Comfort argues that its choice of remedy, i.e., filing a petition to establish a report under Rule 30 as opposed to filing a claim of report and draft report challenging the dismissal of its draft reports under Rule 28, was correct. It contends that the judge in effect disallowed its claim of report and draft report, see Rule 30, and that it complied with Rule 30 in bringing its consolidated petition before the Appellate Division in all respects. We disagree.
We have long recognized the difference between dismissal and disallowance of a draft report as they relate to the procedural steps necessary to preserve appellate remedies. See G. Mottla, Civil Practice Section 1233 (3d ed. 1962 and Supp. 1971). [Note 3] Compare Murray v. Edes Mfg. Co., 305 Mass. 311 , 312 (1940), and Gallagher v. Atkins, 305 Mass. 261 , 264 (1940), with Calcagno v. P.H. Graham & Sons Co., 313 Mass. 364 , 366-367 (1943). Where a judge's order is interpreted as dismissing a claim for report and draft report, the remedy is to file a request for a report of the dismissal in the Appellate Division since no draft report which could be established by petition is on the files of the trial court. Calcagno, supra at 366. Where the judge disallows a claim of report or draft report he should set forth in writing the reasons therefor (Calcagno, supra; Mottla, supra at Section 1232), and the proper remedy is to petition the Appellate Division for establishment of a draft report.
Even if we were to assume that Comfort proceeded correctly in appealing to the Appellate Division, on this record we do not see how Comfort's ultimate position on either the claim or the counterclaim can be furthered. It is clear from Comfort's consolidated petition that it never disputed the accuracy of the narrative testimony which the judge desired to include in the report to the Appellate Division. An examination of the entire record shows that, had the evidence which should have been included actually been included, ample grounds justifying the judge's treatment of Comfort's requests for rulings of law are found.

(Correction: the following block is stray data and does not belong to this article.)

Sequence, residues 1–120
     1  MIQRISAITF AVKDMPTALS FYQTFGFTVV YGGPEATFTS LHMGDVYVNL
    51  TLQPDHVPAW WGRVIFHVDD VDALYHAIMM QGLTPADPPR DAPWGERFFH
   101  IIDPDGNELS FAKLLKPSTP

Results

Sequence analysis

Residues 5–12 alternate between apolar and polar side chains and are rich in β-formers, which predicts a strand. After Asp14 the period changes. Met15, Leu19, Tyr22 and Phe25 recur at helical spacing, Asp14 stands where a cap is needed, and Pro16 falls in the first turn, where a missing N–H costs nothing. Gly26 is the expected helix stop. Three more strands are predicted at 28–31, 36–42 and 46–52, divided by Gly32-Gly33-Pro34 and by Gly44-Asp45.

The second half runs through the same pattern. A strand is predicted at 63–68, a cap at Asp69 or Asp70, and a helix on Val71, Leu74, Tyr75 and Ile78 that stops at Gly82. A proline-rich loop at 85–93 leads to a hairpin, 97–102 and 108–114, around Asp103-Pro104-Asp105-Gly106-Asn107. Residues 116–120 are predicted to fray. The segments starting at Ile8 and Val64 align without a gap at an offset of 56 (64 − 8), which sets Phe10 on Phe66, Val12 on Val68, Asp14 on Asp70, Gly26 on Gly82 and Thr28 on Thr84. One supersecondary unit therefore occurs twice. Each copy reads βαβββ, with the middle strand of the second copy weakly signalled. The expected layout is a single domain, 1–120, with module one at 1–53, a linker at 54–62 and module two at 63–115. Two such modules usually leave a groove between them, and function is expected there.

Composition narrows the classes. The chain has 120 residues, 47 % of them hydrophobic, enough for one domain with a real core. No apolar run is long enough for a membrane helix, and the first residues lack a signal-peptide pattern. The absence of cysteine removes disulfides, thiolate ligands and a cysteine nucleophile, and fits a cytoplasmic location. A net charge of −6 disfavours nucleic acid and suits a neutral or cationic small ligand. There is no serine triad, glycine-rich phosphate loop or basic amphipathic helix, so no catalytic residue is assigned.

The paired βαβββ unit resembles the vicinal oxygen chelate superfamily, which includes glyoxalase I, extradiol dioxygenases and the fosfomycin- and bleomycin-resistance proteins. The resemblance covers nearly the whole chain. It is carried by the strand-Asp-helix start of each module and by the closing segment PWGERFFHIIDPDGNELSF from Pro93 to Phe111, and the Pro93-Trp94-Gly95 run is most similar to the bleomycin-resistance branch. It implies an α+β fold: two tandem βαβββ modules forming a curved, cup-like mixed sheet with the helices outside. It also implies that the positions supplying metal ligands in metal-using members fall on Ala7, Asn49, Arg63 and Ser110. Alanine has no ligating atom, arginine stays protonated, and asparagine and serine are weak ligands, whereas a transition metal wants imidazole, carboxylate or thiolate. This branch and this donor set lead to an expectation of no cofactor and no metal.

Although we affirm the action of the Appellate Division in dismissing Comfort's consolidated petition to establish reports, we feel that some parting comments on the action taken by the judge and the Appellate Division in this matter are necessary.
In the past we have cited the omission from a draft report of the statement regarding inclusion of all the material evidence as fatally defective to the petitioner's appeal. [Note 4] Nevertheless, we view without enthusiasm the dismissal of a draft report for this reason alone. It is true that there hardly can be a sufficient excuse for not following the draft report model in the District Court rules, but the simple solution where oversight is involved and it is brought to the judge's attention is for the judge to instruct that the statement be inserted or to insert it on his own motion. See Keeney v. Ciborowski, 304 Mass. 371 , 373-374 (1939); Santosuosso v. DellaRusso, 300 Mass. 247 , 249-250 (1938); Kelly v. Foley, 284 Mass. 503 , 509 (1933); Mottla, supra at Section 1231; Nolan, supra note 3, at Section 962. With such a practical approach, uniformly applied, the Appellate Division or this court will be free to assume that the omission of the statement from any report is intentional. The effect of the omission of the statement on appeal will then be clear and unavoidable. Cf. Goodale v. Morrison, 343 Mass. 607 , 612 (1962); Ginsburg v. Gross, 334 Mass. 709 (1956); Schnepel v. Kidd, 332 Mass. 137 , 138 (1954); Realty Developing Co. v. Wakefield Ready-Mixed Concrete Co., 327 Mass. 535 , 537 (1951); Swistak v. Paradis, 288 Mass. 377 , 380 (1934); Hall v. Smith, 283 Mass. 166 , 167 (1933); Commonwealth v. McIntosh, 259 Mass. 388 , 391 (1927), and cases cited.
Order denying petition to establish reports affirmed.
[Note 1] The procedure whereby Comfort appealed to the Appellate Division of the District Courts was governed by G. L. c. 231, Section 108, and the court rules in effect before July 1, 1975. Rule 1A of the Dist./Mun. Cts. R. Civ. P. (1975). For the differences in time periods within which various actions presently must be taken to procure review by the Appellate Division compare Rules 27 and 28 of the Rules of the District Courts (1965) with Rule 64 (c) (1) (i) and (ii) of the Dist./Mun. Cts. R. Civ. P. (1975).
[Note 2] The Appellate Division stated that the petition did not contain an allegation that the draft report truthfully set forth the matters claimed as errors and that it did not contain an affidavit that the matters recited in the draft report and petition were true as of the personal knowledge of the affiant. See Dubois v. Boston & Me. R.R., 315 Mass. 758 (1944).
[Note 3] For the successor edition of the Civil Practice series here cited see J. Nolan, Civil Practice, Sections 951-964 (1975).
[Note 4] Menton v. Melvin, 330 Mass. 355 , 357 (1953) (Wilkins, J., concurring in result). Irving v. Bonjorno, 327 Mass. 516 , 518 (1951). Cincevich v. Patronski, 304 Mass. 679 (1939) (alternative holding). See Sutherland v. McGee, 329 Mass. 530 , 532 (1952) (dicta); E. A. Strout Realty Agency, Inc. v. Gargan, 328 Mass. 524 , 525 (1952); Perry v. Hanover, 314 Mass. 167 , 169 (1943).